Patients: Real Word Experience
High rates of serious adverse events:
64% (BOC) and 53% (TVR)
Severe anemia (<9g/dl) occurred in 65%, blood tx 38%
All pts >60 yrs and all cirrhotic patients received blood tx
Discontinuation rate 33% (BOC) and 31% (TVR)
Baseline characteristics

n = 143
Median age
55yrs
30% > 60a
male 67%
Caucasian 90%
Genotype 1a / 1b 39% / 60%
Advanced fibrosis >F3 48%
F4 and platelets < 120/nl 23%
Tx nave / pretreated 26% / 74%
Non responder 50%
Tx BOC / TVR 69 / 74
Patients at risk for
development of SAE
and treatment failure

n = 83
Platelets <100.000 /ul
and albumin <40g/l
n=17
100%
treatment
failure and
100% SAE
Petersen J, et al. 48th EASL; Amsterdam, Netherlands; April 24-28, 2013. Abst. 891.
Patients, n (% patients with at least one event) Telaprevir n = 295
Serious adverse events (SAEs)* 535 in 160 patients (54.2%)
Premature discontinuation / due to SAEs 139 (47.1%) / 63 (21.3%)
Death 7 (2.4 %)
Infection (Grade 3/4) (3 septicemia, 1 variceal hemmoragia, 1 enkephalopthy,
1 pulmonary neoplasia, 1 pulmonary infection)
27 (9.1 %)
Hepatic decompensation (Grade 3/4) 15 (5.1 %)
Rash (grade 3/SCAR) 16 (5.4 %) / 2 (0.6 %)
Anemia (Grade 3/4 : Hb < 8 g/dL) 38 (12.9 %)
EPO use / blood transfusion 168 (57 %) / 53 (18 %)
GCSF use 8 (2.7 %)
TPO use 6 (2 %)
* SAEs in patients; SCAR: severe cutaneous adverse reaction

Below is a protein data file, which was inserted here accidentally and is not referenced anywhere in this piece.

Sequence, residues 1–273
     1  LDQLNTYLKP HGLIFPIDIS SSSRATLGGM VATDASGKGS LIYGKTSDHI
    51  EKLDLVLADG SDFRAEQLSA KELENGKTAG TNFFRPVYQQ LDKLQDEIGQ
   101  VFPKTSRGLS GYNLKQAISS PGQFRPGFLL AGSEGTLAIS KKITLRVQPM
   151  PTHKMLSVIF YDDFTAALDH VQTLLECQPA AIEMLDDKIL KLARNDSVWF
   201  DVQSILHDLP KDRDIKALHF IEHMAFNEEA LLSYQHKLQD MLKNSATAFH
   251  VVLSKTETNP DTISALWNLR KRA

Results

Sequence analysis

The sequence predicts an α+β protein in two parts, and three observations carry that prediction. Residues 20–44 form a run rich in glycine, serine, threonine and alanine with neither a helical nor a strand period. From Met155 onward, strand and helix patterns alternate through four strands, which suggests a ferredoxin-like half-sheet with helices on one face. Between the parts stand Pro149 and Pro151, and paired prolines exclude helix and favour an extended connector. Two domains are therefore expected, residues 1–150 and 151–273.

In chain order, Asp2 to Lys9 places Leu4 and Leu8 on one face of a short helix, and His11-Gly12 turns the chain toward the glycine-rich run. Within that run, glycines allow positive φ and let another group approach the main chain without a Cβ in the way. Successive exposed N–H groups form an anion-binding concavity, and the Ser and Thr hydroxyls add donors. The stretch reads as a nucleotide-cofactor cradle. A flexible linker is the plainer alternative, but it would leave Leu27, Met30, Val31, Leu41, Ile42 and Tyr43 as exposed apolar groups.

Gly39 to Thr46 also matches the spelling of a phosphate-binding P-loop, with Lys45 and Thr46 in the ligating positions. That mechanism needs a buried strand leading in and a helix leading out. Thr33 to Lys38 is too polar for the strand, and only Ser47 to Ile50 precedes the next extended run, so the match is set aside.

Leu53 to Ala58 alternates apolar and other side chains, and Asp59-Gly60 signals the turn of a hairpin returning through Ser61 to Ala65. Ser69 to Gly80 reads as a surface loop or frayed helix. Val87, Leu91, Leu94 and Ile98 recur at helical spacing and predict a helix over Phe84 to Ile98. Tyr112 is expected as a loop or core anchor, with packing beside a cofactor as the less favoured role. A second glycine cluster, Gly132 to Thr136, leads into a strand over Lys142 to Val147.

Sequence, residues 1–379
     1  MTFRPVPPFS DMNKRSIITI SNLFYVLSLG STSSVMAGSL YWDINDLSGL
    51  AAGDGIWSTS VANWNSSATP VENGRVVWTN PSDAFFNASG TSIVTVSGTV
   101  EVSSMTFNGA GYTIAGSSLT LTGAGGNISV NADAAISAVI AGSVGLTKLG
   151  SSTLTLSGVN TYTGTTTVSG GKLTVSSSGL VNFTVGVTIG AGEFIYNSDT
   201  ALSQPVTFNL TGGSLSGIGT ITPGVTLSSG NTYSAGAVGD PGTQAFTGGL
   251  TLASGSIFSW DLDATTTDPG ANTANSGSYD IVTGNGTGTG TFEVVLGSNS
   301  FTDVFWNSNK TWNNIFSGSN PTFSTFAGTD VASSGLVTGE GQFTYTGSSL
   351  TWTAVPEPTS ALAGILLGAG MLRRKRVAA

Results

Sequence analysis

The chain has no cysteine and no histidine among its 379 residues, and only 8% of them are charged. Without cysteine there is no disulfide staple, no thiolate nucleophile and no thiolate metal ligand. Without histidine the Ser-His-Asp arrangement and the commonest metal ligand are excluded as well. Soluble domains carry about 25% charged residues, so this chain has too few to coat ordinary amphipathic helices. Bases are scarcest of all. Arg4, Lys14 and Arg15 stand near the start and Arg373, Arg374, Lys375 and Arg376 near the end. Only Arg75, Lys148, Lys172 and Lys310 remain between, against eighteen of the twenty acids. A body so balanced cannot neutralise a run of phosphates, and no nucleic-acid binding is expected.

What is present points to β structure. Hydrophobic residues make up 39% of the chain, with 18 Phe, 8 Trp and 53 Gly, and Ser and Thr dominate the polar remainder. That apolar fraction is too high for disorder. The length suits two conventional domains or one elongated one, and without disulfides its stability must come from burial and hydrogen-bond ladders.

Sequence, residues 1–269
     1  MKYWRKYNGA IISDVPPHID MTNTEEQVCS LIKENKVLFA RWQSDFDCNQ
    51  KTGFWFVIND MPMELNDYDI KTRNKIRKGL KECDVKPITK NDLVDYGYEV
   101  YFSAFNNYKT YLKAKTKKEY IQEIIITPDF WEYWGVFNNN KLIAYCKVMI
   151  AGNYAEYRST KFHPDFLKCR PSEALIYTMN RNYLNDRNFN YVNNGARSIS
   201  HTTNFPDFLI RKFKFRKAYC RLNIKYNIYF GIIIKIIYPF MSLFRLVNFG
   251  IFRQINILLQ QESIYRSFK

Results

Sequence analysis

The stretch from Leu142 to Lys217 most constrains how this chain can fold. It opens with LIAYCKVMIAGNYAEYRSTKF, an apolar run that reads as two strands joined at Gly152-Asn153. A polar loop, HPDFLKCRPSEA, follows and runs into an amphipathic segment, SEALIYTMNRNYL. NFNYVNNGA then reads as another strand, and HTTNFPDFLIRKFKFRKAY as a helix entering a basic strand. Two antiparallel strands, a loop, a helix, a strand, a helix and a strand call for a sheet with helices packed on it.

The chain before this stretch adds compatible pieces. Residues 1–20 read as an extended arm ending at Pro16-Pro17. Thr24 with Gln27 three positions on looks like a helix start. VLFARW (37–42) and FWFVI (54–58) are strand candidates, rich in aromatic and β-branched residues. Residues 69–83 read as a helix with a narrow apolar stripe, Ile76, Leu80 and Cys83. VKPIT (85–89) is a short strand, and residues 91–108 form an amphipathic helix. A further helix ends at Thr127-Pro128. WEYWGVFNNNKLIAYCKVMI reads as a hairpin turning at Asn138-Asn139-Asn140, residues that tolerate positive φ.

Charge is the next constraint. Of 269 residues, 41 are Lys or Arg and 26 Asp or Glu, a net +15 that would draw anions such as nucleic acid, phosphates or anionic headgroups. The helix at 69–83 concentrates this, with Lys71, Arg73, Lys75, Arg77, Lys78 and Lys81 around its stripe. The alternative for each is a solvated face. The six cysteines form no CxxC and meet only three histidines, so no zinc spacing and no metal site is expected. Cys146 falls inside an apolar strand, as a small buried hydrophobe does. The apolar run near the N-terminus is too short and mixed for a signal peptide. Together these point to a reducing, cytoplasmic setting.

Telaprevir : SVR12 safety findings
Patients, n (% patients with at least one event) Boceprevir n = 190
Serious adverse events (SAEs)* 321 in 97 patients (51.0%)
Premature discontinuation / due to SAEs 80 (42.1%) / 27 (14.2%)
Death (1 pulmonary infection, 1 anevrysmal beeding, 1 septicemia) 3 (1.6 %)
Infection (Grade 3/4) 8 (4.2 %)
Hepatic decompensation (Grade 3/4) 9 (4.7 %)
Rash (grade 3/SCAR) 2 (1.0 %)
Anemia (Grade 3/4: Hb < 8 g/dL) 19 (10.0 %)
EPO use / blood transfusion 119 (62.6 %) / 26 (13.7 %)
GCSF use 13 (6.8 %)
TPO use 3 (1.6 %)
* SAEs in patients; SCAR: severe cutaneous adverse reaction
Boceprevir : SVR12 safety findings
Evaluation of the true direct cost of treatment with PI+PR in unselected sequential
population of patients (n=200) treated at a tertiary care center (BIDMC, Boston) for HCV
GT1

Real World Cost per SVR of HCV Triple Therapy with PIs
The mean cost per SVR was $172,889
SVR rate of 49%
Yes
n=82
No
n=118
TN
n=57
R
n=61
P/NR
n=82
Yes
n=109
No
n=91
Yes
n=33
No
n=167
Yes
n=39
No
n=161
Prior Response Cirrhosis Anemia Thrombocytopenia Hospitalization
Sethi N, et al. AASLD 2013. Washington, DC. #1847
TN: Treatment-nave; R: Relapsers; P/NR: Partial or null responders

PR + telaprevir or boceprevir or simeprevir
Monotherapy with pegIFN, RBV, or a DAA
Do not treat decompensated cirrhosis with pegIFN or simeprevir
AASLD and IDSA HCV Regimens: Failed
Previous PR + Telaprevir or Boceprevir
Sofosbuvir 12 weeks + PR 24 weeks
PR: pegIFN + RBV.
AASLD and IDSA. Available at: http://www.hcvguidelines.org/full-report-view. Version January 29, 2014.
Genotype 1a
Sofosbuvir 12 weeks + PR 12-48 weeks Genotype 1b
Preferred Regimens
Sofosbuvir + RBV 24 weeks
Genotype 1a